As you’re nearing retirement, there are 3 risks you need to take into consideration when planning your retirement.
Stock Market Volatility,
1. Stock Market Volatility. Let’s say you were to invest $100,000 into the stock market. The first year you lost 30%. How much do you think you would need to earn the following year to get back to your original $100,000? If you lost 30% in the stock market this year, next year you would need to gain approximately 42.8% to get back to your original investment. The reason is because you’re earning interest on less money. In this example, you only had $70,000 in that second year to invest rather than $100,000 so you need to earn 42.8% rather to get back to your original amount.
If you were to invest $100,000 over the last 17 years into the stock market since the end of 1999 to the end of year 2016. Over this period, you can see we had some up’s and down’s. Some bear markets and some bull markets. The first few years were a loss, but it looks like we gained back some. It took us quite awhile to get back to that original amount.
Then, we had a huge drop in 2008 which I’m sure many of you can remember, and we’ve been working our way back up. The account is a little above $150,000 when it’s all said and done. Which means, over this 17-year period, your account has had an average annual rate of return of about 3.1%.
Now, 3.1% is not terrible. It’s definitely better than having a negative, but what we haven’t done yet is calculated all of the expenses that are associated with this account. Things like management fees which could be anywhere between 1%-2%. Inflation is another thing to consider. The average has been about 2%-3%. And…taxes! When you factor all of this into the account, you end up with a number more like 0%.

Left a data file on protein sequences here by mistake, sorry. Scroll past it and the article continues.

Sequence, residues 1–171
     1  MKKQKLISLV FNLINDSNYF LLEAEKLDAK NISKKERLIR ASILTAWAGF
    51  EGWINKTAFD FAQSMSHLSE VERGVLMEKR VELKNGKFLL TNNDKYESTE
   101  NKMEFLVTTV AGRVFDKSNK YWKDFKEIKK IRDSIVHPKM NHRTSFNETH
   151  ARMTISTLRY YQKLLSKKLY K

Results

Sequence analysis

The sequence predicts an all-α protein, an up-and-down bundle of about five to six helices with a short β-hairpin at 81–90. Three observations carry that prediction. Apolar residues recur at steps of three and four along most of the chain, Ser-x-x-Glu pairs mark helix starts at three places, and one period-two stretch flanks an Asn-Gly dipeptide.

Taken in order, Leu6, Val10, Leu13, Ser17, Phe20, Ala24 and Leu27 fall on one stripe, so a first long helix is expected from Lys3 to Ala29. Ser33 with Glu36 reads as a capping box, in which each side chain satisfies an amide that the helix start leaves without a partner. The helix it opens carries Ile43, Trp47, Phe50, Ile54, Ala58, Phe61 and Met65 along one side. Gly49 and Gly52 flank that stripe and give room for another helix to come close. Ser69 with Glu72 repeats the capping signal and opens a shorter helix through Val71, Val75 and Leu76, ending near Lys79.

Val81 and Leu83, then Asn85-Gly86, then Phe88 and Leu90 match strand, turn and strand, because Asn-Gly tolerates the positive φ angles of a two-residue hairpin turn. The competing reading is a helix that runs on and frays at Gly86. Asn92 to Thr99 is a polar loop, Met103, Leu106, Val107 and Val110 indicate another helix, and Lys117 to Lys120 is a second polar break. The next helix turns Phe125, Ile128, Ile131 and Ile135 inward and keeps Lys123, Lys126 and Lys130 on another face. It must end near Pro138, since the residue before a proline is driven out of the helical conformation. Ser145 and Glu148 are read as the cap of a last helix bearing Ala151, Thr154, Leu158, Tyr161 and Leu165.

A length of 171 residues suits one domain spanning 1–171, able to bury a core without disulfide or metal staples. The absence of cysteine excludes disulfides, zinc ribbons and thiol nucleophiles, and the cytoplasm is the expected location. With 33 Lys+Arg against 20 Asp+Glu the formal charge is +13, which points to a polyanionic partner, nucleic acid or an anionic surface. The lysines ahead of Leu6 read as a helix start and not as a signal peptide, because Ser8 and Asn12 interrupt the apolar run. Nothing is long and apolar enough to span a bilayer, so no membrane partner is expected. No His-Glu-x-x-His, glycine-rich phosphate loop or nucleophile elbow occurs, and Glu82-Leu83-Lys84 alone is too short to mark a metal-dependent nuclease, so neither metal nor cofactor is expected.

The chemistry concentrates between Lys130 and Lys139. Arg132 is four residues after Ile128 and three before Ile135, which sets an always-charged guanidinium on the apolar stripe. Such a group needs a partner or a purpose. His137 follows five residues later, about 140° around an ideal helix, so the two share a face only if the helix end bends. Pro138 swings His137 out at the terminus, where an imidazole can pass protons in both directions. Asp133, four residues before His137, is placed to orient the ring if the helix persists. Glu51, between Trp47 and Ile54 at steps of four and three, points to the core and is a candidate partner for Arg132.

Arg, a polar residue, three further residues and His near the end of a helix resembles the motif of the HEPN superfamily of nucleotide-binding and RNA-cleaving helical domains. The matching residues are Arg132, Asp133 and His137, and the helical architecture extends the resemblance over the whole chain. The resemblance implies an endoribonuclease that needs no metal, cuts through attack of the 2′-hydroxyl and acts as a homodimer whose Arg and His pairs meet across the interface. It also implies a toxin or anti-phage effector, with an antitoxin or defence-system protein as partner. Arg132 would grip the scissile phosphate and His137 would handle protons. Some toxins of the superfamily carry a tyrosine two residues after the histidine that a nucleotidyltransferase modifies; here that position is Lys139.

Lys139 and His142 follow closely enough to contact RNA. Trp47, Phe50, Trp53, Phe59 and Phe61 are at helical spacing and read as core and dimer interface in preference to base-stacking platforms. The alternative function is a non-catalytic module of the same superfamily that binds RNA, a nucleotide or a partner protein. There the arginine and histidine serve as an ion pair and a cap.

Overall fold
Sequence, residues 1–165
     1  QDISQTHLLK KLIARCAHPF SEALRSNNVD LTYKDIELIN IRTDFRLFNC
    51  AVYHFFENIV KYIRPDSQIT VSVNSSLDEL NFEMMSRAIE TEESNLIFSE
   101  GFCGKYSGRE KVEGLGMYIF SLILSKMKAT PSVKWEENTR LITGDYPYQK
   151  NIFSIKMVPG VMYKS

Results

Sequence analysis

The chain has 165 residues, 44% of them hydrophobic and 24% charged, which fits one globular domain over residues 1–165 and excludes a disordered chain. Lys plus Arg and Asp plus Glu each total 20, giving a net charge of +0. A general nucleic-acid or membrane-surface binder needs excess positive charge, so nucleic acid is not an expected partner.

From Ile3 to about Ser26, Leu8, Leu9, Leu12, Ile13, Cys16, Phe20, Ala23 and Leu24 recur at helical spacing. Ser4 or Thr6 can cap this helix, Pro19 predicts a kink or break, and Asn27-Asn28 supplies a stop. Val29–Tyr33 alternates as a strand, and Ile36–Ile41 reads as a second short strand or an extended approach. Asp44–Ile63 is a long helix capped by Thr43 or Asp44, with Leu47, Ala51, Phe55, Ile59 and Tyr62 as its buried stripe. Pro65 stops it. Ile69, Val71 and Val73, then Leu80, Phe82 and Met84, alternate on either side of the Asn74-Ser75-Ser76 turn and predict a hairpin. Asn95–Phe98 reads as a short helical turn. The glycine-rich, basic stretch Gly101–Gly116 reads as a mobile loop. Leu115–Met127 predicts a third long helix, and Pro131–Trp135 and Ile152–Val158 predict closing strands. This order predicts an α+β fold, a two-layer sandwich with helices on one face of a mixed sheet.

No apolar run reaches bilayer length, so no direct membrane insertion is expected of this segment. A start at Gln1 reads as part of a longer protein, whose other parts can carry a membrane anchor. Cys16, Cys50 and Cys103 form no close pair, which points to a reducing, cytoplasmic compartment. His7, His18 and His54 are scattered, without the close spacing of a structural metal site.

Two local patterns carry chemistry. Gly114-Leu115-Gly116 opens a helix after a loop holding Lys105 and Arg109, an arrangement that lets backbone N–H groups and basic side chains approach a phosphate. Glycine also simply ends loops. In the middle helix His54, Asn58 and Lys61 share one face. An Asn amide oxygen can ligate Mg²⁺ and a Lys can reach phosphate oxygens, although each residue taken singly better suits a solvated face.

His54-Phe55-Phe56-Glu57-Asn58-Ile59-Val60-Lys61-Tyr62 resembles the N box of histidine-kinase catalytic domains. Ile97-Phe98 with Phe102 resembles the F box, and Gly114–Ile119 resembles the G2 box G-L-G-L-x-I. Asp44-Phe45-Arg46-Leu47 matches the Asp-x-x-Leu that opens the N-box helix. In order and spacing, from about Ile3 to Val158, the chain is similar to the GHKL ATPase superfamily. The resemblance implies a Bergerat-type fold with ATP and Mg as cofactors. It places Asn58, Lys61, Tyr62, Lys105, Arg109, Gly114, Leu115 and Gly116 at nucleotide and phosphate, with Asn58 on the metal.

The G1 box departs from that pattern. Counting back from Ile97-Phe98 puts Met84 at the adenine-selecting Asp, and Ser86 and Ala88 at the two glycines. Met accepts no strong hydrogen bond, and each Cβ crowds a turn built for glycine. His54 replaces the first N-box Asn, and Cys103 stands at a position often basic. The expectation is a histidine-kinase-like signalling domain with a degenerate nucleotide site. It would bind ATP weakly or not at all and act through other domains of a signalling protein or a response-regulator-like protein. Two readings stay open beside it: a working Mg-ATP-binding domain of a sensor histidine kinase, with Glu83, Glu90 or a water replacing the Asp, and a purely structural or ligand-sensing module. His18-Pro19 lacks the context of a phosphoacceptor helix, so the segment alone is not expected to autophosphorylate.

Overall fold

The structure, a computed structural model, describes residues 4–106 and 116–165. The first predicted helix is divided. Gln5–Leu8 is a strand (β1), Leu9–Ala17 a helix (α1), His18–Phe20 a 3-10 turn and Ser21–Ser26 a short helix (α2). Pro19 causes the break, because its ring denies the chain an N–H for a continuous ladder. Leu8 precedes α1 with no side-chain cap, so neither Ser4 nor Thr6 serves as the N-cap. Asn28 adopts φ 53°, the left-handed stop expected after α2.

And I assume if I were to ask any one of you if this is the number you feel you’ve made over the last 17 years in the stock market, you would agree. The stock market has been going up for close to 10 years now and has been hitting a series of historic highs. But as recent events show, the market is not always a one-way street to prosperity. So perhaps the most obvious risk to your retirement nest egg is another 2008-style market collapse, when the market declined almost 40 percent, or even worse, a three-year decline like what happened from 2000 to 2002. Nobody can predict when the next bear market will come along and cripple your IRA or 401(k), but you need to be prepared when the next one does show up. Take care to select investments that will generate a steady income, and take steps to avoid outliving your money. That’s why it’s so important to make sure you’re managing your portfolio’s volatility as those negative years could have a big impact on your overall retirement outcome.